Steve Harmison has tipped Kevin Pietersen to return triumphantly to the Test arena and win the Ashes for England. But he warns the hierarchy not to “rein in” the maverick batsman following his reintegration with the team after last year’s controversy.
Pietersen was dropped for a Test match after he allegedly sent derogatory texts about the England captain Andrew Strauss to the South African tourists last summer. He returned to the side for the successful tour of India but then picked up a knee injury in New Zealand which put his international ambitions on hold again. Pietersen is now fit and will return for the first Test against Australia in Nottingham on Wednesday.
“He had a problem with Andrew Strauss and I think they’ve cleared the air now,” said the former England fast bowler, one of the heroes of 2005 when Pietersen ensured that England won back the Ashes after 16 years with a remarkable century in the final Test. “Kevin’s 150 at The Oval, to this day I still don’t know how he did that. At the end of the day he’s a fantastic cricketer and you have to just let him play.
“You’ve let him go so far to be like he is, so you can’t rein him in now. You have to let KP be what KP is, and that’s a showman. If he steps out of line then you have to tell him. He will make mistakes but he’s also someone who fronts up when he does.”
Harmison realises that Pietersen’s future after the back-to-back Ashes series is unclear. “If he doesn’t want to play then let him go and do what he wants. No one man is bigger than any cricket team. Hopefully, this side will prove that because they have a great 18 months to come and many of them have still got to hit their peak.”
Strangely, it was as a batsman that Harmison helped Pietersen to find his feet in Test cricket when he made his debut at Lord’s at the start of that epic 2005 series. “In the first Test, KP got two fifties and I batted with him both times to help him get to his fifty. I knew he was special from playing against him before, but you never really know until you step up and play international cricket.
“But I knew then, standing 22 yards away, that this bloke was made for the big-game occasion. Even with that ridiculous haircut,” he adds, referring to the badger-like dyed mohican the new boy sported that first summer.
“And I do believe this summer he will write another chapter in the Kevin Pietersen book, which has been a topsy-turvy one, but it will be a good chapter this time. He will play a massive part, be a big contributory factor and he will bat well to win the series.”
Harmison’s own international career was defined by the Ashes. He played his second Test in Adelaide in place of the stricken Simon Jones, whom he had helped to carry off in the first match of the series. In that Lord’s Test of 2005 Harmison set the tone for England’s aggressive approach with bat and ball when he struck Justin Langer on the arm with the second ball of the series, then hit Australia’s captain, Ricky Ponting, on the head with a bouncer, drawing blood from a cut on his cheek.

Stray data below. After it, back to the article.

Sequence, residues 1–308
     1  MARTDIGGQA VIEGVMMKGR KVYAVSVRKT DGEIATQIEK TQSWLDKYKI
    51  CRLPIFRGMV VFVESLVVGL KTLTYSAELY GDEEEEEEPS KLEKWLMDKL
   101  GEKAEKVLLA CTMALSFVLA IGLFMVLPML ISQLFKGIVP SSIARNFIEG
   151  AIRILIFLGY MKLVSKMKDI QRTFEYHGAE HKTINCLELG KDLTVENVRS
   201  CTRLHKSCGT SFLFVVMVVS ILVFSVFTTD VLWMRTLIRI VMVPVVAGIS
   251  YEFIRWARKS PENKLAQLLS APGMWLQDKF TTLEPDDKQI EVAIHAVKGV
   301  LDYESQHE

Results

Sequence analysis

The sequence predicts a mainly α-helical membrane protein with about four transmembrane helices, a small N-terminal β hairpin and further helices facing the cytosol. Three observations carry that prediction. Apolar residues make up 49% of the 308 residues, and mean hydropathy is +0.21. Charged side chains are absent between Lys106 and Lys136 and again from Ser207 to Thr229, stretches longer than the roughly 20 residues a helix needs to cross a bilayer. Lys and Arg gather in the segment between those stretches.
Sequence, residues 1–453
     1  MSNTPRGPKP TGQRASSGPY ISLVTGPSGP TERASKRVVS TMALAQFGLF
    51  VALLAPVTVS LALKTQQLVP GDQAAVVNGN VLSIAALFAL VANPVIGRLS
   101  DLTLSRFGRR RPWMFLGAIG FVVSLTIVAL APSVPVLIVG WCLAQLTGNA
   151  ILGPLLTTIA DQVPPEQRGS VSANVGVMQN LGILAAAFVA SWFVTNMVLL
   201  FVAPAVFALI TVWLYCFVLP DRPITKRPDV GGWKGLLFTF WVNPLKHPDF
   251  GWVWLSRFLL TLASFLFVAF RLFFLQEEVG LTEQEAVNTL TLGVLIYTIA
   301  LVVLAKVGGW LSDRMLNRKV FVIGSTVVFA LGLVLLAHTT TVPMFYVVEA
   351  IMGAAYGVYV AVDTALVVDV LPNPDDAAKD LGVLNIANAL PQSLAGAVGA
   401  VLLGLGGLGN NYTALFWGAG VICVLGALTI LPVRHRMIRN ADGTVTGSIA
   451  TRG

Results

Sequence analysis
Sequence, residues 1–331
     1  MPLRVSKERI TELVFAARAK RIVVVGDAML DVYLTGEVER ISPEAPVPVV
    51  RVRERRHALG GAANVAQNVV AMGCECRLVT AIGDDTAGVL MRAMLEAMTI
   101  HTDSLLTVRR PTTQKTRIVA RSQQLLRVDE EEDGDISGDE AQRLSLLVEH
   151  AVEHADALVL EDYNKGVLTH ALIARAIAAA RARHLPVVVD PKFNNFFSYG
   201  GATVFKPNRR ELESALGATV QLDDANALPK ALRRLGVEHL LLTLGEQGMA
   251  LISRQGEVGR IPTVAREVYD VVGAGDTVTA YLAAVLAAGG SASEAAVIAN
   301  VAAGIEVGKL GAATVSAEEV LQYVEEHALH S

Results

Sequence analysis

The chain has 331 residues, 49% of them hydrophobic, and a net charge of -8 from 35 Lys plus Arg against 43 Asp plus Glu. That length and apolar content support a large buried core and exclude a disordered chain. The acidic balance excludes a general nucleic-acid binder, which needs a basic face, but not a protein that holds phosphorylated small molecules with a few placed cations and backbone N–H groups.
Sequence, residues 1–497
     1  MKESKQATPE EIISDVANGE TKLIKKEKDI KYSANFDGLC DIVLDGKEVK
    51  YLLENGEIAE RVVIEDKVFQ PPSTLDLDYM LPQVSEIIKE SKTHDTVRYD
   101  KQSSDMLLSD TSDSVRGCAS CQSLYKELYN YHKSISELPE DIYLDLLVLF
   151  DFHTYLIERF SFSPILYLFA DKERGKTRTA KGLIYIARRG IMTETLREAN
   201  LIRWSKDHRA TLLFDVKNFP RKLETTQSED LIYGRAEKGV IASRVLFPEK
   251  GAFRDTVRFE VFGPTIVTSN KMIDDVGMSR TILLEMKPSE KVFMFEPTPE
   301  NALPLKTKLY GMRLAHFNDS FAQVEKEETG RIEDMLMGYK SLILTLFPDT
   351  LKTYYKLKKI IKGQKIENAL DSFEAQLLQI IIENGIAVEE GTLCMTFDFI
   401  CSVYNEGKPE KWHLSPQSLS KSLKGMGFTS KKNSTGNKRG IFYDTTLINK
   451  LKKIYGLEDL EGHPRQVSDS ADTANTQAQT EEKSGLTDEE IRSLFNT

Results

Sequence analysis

And it was Harmison who grabbed the last wicket, bowling at the death in the nerve-shredding second Test at Edgbaston, which England won by two runs to level the series.
Harmison famously sent down the first ball of the disastrous 2006-07 series Down Under, bowling it so wide that it went straight to Andrew Flintoff at second slip. Then he appeared in his fourth Ashes series when he was recalled for the last two Tests of 2009. Victory was clinched at The Oval again, which was to prove Harmison’s last Test match for England.
He was part of a four-man pace attack in 2005 that is regarded as one of England’s best ever fast-bowling units along with Andrew Flintoff, Matthew Hoggard and Jones. This time around he believes it will be the batsmen who will make the difference between the two sides because, although England’s bowling is undeniably stronger for the presence of off-spinner Graeme Swann, the Australians have also arrived with a powerful pace attack.
“I can see England winning the Ashes both here and abroad,” Harmison says, though he believes this summer holds the stiffer test for Alastair Cook’s side. “I actually think it will be a lot harder here than over there because Australia have the potential to take 20 wickets. If they get conditions that favour them and the toss goes their way on an overcast morning, they’ve got the bowlers to exploit the conditions. But in Australia, where conditions are very similar on all five days, the best team normally wins. And England are the best team.”
Stephen Harmison was talking in association with Laithwaite’s Wine, an Official Partner of England Cricket. For more information visit www.laithwaites.co.ukReuse content